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Advising how to act to letter of the law

Published on Friday, 04 Apr 2014
David Hsu

David Hsu, managing director, Hong Kong country compliance officer and Greater China compliance head at Citi Hong Kong, explains how he works with multiple parties to ensure the business stays on track with the latest laws and regulations.

Tell us about what you do.

My role is to manage the compliance function for Citi's Hong Kong business. The role of the compliance function is to provide advice to the business on how to act in accordance with relevant laws, regulations and ethical standards. We work with the business to establish and implement compliance and control processes and assist in the establishment of monitoring, surveillance and testing procedures. We identify and manage regulatory and compliance risks so that issues are identified, escalated, reported and addressed in an effective manner. We also work with senior management to build a robust governance, compliance and ethics culture.

How did you get to where you are?

My background is as a chartered accountant and I joined the bank as an internal auditor. An auditing background provided me with a solid foundation to understand the risk management aspect of compliance, and how controls should be implemented. I was also fortunate to have had the opportunity to work in different areas of compliance over the years, both for the Hong Kong and regional businesses.

What do you like most about the job?

My job requires me to work closely with the business, regulators and law enforcement on many issues. It's challenging, yet rewarding, because you are acting as an adviser to the business on how to manage compliance risk. At the same time, compliance needs to work with the regulators on managing regulatory issues and examinations, provide input at an industry level on regulatory guidance consultations, and conduct training.

What have been the most important regulatory changes affecting HK's banking sector?

There are now more laws, regulations, guidelines and circulars issued by regulators that banks or securities companies must follow. For example, following the enactment of the Anti-Money Laundering Ordinance in April 2012 and associated guidelines, many banks reviewed their compliance resource needs and strengthened their governance process. There are also customer-protection initiatives on treating customers fairly, investment sales practices, and privacy.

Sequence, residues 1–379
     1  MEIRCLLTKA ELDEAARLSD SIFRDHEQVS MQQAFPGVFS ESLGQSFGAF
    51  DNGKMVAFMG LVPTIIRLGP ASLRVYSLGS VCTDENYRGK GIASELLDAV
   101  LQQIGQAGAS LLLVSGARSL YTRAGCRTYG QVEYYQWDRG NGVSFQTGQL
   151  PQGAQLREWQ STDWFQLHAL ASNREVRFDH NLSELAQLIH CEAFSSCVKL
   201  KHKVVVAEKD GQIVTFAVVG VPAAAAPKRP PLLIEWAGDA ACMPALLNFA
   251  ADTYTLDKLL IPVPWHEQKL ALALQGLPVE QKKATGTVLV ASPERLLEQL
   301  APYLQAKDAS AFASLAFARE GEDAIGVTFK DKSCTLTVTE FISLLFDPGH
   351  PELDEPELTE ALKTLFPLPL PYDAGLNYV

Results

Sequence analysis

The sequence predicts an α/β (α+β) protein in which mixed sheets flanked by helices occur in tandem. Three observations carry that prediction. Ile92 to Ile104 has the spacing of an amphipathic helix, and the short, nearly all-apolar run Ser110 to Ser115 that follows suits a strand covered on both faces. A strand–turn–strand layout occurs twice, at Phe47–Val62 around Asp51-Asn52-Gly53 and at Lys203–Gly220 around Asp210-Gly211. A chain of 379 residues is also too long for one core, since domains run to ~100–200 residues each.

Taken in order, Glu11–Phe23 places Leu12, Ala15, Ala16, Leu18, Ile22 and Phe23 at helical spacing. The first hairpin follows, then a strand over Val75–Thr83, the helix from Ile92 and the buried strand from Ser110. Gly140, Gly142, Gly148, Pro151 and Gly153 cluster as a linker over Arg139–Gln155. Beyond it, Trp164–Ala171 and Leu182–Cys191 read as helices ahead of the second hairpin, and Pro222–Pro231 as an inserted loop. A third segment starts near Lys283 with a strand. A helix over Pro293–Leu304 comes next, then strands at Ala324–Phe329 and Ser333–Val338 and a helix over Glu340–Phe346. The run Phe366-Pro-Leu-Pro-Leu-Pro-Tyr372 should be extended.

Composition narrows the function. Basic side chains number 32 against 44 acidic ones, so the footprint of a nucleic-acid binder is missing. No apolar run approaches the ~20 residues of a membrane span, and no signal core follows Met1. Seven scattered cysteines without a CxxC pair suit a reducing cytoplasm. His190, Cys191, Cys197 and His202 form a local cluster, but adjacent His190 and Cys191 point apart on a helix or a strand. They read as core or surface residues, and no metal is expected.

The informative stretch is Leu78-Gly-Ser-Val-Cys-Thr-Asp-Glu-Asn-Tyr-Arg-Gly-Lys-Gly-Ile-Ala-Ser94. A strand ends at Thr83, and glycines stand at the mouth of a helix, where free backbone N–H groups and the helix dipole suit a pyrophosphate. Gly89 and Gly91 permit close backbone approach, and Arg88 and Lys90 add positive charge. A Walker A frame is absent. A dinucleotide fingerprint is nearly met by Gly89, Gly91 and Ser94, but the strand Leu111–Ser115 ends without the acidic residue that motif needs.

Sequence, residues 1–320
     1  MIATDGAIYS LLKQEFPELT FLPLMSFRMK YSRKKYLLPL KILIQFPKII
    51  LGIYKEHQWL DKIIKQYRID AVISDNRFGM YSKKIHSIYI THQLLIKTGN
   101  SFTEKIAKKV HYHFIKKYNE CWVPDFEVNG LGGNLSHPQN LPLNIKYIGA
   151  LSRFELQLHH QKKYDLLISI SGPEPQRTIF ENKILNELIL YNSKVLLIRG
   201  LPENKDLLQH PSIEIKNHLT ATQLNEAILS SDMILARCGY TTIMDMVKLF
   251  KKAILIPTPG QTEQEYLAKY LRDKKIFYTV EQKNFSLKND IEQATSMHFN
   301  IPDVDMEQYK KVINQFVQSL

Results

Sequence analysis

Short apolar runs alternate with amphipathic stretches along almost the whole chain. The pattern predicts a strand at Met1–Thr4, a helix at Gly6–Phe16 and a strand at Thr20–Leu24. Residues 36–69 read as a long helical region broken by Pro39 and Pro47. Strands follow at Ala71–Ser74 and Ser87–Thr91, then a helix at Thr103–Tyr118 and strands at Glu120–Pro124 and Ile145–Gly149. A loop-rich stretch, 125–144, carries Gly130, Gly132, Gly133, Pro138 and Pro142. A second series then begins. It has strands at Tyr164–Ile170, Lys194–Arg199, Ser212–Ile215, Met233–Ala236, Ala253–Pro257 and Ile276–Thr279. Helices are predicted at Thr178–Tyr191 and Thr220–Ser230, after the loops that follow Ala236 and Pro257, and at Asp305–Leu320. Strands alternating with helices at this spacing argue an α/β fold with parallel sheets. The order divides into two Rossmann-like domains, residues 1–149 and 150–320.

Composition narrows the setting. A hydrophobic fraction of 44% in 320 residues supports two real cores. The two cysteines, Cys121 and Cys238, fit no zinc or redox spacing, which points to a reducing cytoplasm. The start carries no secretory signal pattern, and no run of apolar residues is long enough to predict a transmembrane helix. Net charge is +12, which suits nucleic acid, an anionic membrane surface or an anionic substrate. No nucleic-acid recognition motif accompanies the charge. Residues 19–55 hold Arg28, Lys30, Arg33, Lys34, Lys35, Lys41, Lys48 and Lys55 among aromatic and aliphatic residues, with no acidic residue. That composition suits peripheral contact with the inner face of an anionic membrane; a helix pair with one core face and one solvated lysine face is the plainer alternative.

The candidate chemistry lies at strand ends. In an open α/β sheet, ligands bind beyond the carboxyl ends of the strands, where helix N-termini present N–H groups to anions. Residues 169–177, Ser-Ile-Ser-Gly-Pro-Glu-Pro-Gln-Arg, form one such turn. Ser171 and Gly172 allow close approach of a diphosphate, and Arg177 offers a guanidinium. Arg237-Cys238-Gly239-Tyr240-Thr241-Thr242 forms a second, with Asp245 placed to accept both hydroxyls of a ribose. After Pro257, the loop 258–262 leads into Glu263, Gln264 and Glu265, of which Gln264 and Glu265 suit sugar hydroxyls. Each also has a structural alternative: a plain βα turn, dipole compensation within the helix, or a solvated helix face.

How has compliance changed and what do you expect going forward?

Nowadays compliance is recognised as a highly professional function. There are a lot more compliance officers in the banking and securities fields than 10 years ago. Many now see compliance as a preferred profession or career choice, having previously been auditors, lawyers, in law enforcement, or from other banking functions. I believe this trend will continue in the next few years.

What are the keys to success in compliance and risk management?

Good communication and analytical skills, and the ability to provide sound compliance advice, are important. Also, as we sometimes have to say "no", it is important to let the business know about the thought processes involved behind these decisions.

What are the key certifications?

The Hong Kong Monetary Authority and Hong Kong Institute of Bankers aim to introduce an enhanced competency framework for compliance and risk professionals, focusing on the technical and ethical skill sets beneficial to practitioners. I would also encourage those interested in a compliance career to broaden their knowledge of banking businesses and products. A good understanding of bank operations is always an asset.

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